Trail running in the dark can be an intimidating experience if you’re not used to it. The countryside landscape looks different at night, distances seem longer and it can sometimes feel as if there’s someone hiding behind every bush just waiting to jump out at you. But, with a bit of practice, trail running at night can be just as enjoyable as during the day. And it definitely beats an hour on the treadmill or pounding pavements.
What’s more, learning to run in the dark can improve your trail running technique. You learn to become a more instinctive runner and allow your feet to adapt to obstacles in your path, both of which can help improve your speed on different terrains when running in the daylight. If you’re new to running off-road at night, here are some tips to help you enjoy running in the dark.
1. Start on Easy Trails
It’s best to ease yourself into night-time running by starting off on easy trails, such as forest tracks or wide path without too many obstacles. Allow your body and mind to get used to the different experience of running in the dark without having to worry too much about where you’re placing your feet.
2. Get a Bright Head Torch
A head torch is the one essential piece of kit you need for running at night and the brighter it is, the better. Your old head torch you use for camping may look bright enough when you’re standing in the house, but out in the woods, it’s a different story. A bright head torch helps you pick out obstacles and the route ahead and makes you less likely to put a foot wrong. If you’ve been put off running in the dark by previous experiences with a dim torch, then invest in the brightest one you can find. It’ll transform your running experience.
3. Choose a Route You Know
Navigating in the dark is hard. I consider myself a relatively competent orienteer during the day, but I never fail to get lost at night. Small footpaths through woodlands are particularly easy to get lost on, especially when covered in leaf litter. Choose a route you’re very familiar with for your first runs in the dark so you don’t have to worry about losing your way.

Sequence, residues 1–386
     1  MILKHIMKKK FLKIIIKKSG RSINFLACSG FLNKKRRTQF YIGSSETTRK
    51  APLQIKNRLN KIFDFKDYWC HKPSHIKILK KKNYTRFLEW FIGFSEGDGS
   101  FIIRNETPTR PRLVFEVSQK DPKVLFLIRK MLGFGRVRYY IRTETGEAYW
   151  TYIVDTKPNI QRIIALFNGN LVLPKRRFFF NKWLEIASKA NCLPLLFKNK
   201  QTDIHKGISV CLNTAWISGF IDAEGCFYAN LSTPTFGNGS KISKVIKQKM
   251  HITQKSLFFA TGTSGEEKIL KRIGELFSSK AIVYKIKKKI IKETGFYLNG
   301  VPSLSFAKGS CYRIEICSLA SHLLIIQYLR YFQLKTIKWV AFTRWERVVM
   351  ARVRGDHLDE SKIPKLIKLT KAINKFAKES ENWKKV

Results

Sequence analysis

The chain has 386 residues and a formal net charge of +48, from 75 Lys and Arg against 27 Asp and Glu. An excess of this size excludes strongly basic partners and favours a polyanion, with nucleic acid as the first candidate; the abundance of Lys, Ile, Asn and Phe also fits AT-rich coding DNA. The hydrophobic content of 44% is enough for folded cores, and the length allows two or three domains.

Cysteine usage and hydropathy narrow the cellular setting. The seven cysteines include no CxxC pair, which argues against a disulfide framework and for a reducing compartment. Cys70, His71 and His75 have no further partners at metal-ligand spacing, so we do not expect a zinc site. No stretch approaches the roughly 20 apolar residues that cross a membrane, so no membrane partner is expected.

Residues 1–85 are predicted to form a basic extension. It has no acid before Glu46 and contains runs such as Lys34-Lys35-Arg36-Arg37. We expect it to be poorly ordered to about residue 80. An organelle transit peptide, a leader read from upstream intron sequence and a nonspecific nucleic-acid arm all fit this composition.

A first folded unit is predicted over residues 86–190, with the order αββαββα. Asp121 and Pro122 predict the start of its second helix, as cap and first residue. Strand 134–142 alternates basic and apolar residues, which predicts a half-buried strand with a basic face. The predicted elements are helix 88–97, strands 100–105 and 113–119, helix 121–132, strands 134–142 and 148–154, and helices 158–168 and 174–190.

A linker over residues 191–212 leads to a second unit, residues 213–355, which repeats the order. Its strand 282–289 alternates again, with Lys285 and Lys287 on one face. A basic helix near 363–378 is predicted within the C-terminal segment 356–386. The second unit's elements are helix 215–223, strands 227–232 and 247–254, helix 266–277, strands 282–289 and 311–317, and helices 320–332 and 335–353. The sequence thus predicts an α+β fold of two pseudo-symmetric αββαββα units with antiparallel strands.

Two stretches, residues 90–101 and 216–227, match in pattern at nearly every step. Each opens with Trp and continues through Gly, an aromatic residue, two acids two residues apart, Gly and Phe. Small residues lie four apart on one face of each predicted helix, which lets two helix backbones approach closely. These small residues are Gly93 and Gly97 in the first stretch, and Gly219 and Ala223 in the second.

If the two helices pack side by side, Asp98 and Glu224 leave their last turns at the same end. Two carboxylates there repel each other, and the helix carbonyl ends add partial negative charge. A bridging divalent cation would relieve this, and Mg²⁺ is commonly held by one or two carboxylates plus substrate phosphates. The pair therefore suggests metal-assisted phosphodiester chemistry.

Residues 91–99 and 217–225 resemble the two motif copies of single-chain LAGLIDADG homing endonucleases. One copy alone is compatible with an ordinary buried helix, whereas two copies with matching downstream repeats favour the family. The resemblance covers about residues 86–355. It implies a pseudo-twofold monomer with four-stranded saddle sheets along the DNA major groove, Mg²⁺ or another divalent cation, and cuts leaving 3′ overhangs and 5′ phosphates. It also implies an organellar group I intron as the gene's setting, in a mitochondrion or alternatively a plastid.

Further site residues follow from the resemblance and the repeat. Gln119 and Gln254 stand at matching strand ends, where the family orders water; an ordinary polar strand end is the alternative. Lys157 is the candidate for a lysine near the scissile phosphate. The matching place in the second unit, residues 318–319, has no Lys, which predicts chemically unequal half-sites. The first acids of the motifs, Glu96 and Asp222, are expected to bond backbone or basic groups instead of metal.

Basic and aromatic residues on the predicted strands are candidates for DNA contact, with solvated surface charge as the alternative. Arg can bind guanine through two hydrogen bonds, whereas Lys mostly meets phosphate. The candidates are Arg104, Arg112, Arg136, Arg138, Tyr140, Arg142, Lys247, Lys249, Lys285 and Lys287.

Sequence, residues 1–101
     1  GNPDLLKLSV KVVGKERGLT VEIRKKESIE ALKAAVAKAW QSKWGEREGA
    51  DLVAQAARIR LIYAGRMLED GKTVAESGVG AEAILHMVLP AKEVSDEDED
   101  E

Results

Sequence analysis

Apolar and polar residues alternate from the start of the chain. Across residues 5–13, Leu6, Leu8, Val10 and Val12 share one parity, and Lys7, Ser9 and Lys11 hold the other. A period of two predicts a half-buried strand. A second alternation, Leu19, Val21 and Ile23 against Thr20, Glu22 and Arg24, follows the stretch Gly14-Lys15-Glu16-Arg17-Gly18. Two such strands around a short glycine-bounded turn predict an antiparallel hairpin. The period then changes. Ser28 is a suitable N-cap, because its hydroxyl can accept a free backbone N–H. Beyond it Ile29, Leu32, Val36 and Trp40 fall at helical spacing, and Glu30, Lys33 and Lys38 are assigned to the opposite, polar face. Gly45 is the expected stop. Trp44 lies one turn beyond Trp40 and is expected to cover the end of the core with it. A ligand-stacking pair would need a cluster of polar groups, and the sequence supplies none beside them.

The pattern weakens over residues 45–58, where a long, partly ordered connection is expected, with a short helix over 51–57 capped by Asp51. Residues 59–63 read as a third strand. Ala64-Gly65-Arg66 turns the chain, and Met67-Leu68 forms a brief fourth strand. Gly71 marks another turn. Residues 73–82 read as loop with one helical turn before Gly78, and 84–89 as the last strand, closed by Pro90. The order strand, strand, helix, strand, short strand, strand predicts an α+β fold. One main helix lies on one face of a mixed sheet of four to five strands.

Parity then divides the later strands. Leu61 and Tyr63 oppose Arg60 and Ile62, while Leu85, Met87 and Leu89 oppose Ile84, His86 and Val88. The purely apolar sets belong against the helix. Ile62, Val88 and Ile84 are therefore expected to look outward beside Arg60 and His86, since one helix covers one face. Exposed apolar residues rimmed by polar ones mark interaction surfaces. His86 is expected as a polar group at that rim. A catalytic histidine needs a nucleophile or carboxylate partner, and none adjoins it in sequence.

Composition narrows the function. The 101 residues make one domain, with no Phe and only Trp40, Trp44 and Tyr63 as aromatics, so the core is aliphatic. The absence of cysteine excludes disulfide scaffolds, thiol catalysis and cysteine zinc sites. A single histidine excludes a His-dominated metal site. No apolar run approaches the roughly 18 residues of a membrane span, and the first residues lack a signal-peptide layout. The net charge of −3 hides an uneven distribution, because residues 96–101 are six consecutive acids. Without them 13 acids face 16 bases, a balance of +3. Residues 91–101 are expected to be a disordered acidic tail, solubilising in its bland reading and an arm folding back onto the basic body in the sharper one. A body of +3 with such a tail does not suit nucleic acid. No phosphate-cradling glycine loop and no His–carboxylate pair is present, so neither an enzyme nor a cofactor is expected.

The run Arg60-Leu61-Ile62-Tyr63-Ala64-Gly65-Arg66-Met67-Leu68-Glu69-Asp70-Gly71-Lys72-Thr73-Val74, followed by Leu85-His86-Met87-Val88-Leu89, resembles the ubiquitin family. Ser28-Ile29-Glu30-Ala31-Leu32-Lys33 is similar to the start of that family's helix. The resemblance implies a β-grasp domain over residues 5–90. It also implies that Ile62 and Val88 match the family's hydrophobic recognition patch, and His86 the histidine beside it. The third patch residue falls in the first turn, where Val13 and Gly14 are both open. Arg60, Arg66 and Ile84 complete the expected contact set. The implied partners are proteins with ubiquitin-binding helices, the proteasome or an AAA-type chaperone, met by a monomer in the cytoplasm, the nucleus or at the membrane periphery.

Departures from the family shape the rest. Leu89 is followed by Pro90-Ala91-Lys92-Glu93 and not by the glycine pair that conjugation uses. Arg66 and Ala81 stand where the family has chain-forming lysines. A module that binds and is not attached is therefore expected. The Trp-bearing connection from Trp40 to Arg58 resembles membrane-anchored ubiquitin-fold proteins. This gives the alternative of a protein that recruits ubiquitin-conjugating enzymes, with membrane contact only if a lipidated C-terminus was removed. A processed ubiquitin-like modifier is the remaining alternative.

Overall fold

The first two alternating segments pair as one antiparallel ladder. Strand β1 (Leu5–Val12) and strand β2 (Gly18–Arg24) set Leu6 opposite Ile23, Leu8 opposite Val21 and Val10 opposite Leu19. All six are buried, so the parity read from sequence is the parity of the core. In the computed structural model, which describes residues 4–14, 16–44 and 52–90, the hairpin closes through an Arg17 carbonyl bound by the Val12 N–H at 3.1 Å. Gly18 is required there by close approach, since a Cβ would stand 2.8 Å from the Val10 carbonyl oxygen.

4. Shine the Torch Ahead of You, Not at Your Feet
When running in the dark, you want to shine the torch a few metres ahead of you. This may seem slightly counterintuitive, but you need to be looking out for obstacles ahead and trust your feet to deal with what’s underfoot. If you look down at your feet, you’re bound to trip over.
5. Embrace All Your Senses
When you lose part of your sight, your other senses become amplified. You may notice things you don’t normally take in when running. The rustling of animals in the forest, the footfall of your running companion or your own breathing. Don’t be afraid of the strange noises, but embrace the sounds and smells of your environment and the touch of the ground underfoot.
6. Go Running with a Pal
Going running with a friend is more likely to get you out of the house and helps if you feel at all nervous about running on your own at night. If you can’t persuade anyone to go with you, then join a local running club.
7. Be Prepared for Emergencies
Running in the dark isn’t any more dangerous than running in the light, but when the weather is cold, you want to be prepared for any eventuality. It’s worth carrying a phone in case of emergency and consider packing an extra layer and a small first aid kit to be fully prepared.
8. Make Sure You Can be Seen
Your heavy breathing and bright torch may give your presence away to the odd dog walker you encounter, but it’s worth wearing reflective clothing, particularly if any part of your route is on roads.
9. Focus on the Run
Running at night requires greater concentration than running during the day. You’ll find you return home with your brain tired as well as your legs. This need to focus can make the run more exhilarating, but you may need to rethink some of your summer running habits. Leave your headphones and music at home and try not to let your mind wander too much or else you may find yourself tripping up.
10. If You Feel Unsafe, Carry a Personal Safety Device
just to reiterate, even though running in the dark may not feel as safe as running in daylight, often that’s more about perception than fact. But if you want an extra bit of security, then a device such as the Run Angel may boost your confidence. You wear it on your wrist and can set up ‘guardians’ who will receive a text message with your location if you activate the alarm. The alarm itself is ear-piercing – useful if you want to ward off any unwanted attention.